CARANDDRIVER: 2019 Bentley Continental GT
An idealized version of its former self.
Austria’s Grossglockner High Alpine Road had only recently opened for the season when we nosed our 2019 Bentley Continental GT through the toll gate. With spritzing rain and the melting snowpack wetting the tarmac, we began our ascent of the more than 8200-foot pass, winding and unwinding the wheel through one switchback after another as we stair-stepped into the clouds and then descended through a thick fog.
The previous Continental GT would not have been happy on this road. Sure, it could have stormed up the mountain, pulled along by the ample thrust from one of its turbocharged engines, but it would have suffered through the turns, impatiently waiting to unleash its torque once the wheels were again pointed straight.
Although this is still a luxurious grand tourer and not a playful sports car, the new Continental is surprisingly at home on the mountain pass. Instead of overburdening its front tires, it uses all four contact patches, steers faithfully, and exhibits a graceful fluidity that its predecessor never knew. The Grossglockner revealed a new Continental GT that felt fitter, fleeter, more energetic—as if the car had been given an elixir of youth.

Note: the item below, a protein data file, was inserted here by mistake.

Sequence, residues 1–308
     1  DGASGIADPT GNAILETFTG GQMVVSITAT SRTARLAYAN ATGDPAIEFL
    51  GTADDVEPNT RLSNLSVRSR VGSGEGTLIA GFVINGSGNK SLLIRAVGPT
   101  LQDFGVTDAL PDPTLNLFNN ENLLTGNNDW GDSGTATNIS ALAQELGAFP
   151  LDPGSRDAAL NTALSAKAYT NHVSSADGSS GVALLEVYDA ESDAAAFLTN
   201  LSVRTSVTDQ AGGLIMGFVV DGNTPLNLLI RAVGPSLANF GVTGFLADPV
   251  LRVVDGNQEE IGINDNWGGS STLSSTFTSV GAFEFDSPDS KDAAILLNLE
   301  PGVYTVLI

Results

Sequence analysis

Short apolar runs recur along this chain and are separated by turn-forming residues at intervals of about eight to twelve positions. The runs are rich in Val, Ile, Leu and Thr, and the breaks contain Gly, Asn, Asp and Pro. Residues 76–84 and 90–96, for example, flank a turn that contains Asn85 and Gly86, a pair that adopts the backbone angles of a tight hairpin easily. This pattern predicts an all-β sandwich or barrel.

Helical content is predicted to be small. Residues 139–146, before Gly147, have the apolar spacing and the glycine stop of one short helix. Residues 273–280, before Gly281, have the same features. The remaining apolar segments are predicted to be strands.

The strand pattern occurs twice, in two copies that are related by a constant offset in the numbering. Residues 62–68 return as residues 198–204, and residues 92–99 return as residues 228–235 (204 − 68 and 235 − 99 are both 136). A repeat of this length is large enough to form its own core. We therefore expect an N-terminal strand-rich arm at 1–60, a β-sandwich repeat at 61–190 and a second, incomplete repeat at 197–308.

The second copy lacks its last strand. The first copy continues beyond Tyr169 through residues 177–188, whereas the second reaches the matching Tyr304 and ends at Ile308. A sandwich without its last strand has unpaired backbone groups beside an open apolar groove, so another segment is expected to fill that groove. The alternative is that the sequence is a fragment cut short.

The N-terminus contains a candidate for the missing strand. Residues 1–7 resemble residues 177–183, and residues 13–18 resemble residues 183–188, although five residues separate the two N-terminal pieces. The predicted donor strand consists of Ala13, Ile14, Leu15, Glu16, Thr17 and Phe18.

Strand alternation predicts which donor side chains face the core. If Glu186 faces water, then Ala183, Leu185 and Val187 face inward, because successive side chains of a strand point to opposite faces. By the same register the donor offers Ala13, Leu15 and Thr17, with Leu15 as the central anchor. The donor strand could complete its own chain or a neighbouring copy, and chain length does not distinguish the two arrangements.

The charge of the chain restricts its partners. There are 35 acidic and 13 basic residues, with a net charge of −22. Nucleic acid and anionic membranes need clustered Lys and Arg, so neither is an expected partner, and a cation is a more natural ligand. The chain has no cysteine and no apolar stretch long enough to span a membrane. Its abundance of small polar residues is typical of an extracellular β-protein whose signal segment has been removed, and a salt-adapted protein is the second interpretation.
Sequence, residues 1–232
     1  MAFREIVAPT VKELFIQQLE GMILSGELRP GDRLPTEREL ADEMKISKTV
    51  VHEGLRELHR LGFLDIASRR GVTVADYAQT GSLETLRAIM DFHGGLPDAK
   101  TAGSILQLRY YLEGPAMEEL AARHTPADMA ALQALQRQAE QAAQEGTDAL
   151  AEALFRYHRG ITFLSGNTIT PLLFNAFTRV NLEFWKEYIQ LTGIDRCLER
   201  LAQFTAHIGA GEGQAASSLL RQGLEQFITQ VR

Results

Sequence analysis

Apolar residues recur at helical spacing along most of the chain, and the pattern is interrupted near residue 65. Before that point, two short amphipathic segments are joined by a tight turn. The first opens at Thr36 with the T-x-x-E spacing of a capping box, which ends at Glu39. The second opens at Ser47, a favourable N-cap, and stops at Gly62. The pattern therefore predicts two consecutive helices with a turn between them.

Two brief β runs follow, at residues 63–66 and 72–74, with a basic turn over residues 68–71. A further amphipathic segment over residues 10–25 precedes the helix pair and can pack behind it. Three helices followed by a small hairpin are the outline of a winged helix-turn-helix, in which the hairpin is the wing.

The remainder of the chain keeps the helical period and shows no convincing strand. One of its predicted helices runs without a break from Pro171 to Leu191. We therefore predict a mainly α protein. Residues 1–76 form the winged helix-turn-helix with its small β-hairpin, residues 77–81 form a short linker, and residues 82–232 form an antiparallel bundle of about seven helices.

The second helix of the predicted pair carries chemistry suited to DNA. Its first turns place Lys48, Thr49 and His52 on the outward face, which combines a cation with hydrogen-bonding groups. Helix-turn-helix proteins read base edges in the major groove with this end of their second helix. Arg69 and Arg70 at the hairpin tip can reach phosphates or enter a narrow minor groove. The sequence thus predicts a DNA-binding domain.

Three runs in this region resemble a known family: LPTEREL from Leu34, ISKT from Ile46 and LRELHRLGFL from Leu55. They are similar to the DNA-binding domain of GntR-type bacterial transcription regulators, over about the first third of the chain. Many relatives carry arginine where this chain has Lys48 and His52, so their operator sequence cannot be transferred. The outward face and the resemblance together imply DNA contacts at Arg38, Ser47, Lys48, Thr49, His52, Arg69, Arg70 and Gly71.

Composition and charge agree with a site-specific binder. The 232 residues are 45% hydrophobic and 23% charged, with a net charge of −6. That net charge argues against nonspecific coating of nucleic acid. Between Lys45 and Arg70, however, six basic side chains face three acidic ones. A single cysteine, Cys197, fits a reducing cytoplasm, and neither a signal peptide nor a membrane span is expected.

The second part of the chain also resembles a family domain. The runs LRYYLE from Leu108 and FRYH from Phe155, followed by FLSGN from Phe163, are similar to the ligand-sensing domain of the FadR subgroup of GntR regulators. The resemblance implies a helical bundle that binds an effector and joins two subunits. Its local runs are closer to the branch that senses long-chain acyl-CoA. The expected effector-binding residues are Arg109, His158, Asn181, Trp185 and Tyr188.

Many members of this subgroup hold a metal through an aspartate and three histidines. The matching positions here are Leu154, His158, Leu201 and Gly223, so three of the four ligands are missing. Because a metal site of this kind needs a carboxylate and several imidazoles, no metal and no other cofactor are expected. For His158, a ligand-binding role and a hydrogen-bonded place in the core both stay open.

That run up the Hochter Pass dovetailed with the new Continental’s visual impression. First introduced for 2004 and reworked for 2012, the Continental GT led the brand out of musty obscurity with nearly 70,000 total units sold—a huge number by Bentley standards. “It has become our icon,” says chief exterior designer John Paul Gregory. “It’s very important that it be instantly recognizable.” The overall size, shape, and key design elements are retained, and yet the new version looks wider and lower, even though those dimensions have changed by less than an inch. Credit the broader, more upright grille, set lower in a more sculpted fascia. It’s flanked by new headlamps with 82 LEDs arranged in matrices (which unfortunately will be dumbed down for the U.S. market, with simple high- or low-beam functionality rather than the ability to switch off individual LEDs to shape the beams around oncoming cars).